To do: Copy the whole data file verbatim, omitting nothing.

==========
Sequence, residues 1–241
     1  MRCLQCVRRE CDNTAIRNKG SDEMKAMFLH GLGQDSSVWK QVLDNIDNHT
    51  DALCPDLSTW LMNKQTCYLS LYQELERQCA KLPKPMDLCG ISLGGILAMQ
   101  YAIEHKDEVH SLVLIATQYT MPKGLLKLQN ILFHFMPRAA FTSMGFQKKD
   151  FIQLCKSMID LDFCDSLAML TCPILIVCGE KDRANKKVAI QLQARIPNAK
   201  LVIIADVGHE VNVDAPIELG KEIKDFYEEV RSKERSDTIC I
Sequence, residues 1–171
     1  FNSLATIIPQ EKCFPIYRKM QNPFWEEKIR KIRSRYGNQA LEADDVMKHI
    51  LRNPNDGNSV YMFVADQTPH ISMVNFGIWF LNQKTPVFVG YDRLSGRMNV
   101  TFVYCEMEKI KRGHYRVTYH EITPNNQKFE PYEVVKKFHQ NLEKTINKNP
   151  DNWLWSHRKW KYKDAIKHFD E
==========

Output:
Sequence, residues 1–241
     1  MRCLQCVRRE CDNTAIRNKG SDEMKAMFLH GLGQDSSVWK QVLDNIDNHT
    51  DALCPDLSTW LMNKQTCYLS LYQELERQCA KLPKPMDLCG ISLGGILAMQ
   101  YAIEHKDEVH SLVLIATQYT MPKGLLKLQN ILFHFMPRAA FTSMGFQKKD
   151  FIQLCKSMID LDFCDSLAML TCPILIVCGE KDRANKKVAI QLQARIPNAK
   201  LVIIADVGHE VNVDAPIELG KEIKDFYEEV RSKERSDTIC I
Sequence, residues 1–171
     1  FNSLATIIPQ EKCFPIYRKM QNPFWEEKIR KIRSRYGNQA LEADDVMKHI
    51  LRNPNDGNSV YMFVADQTPH ISMVNFGIWF LNQKTPVFVG YDRLSGRMNV
   101  TFVYCEMEKI KRGHYRVTYH EITPNNQKFE PYEVVKKFHQ NLEKTINKNP
   151  DNWLWSHRKW KYKDAIKHFD E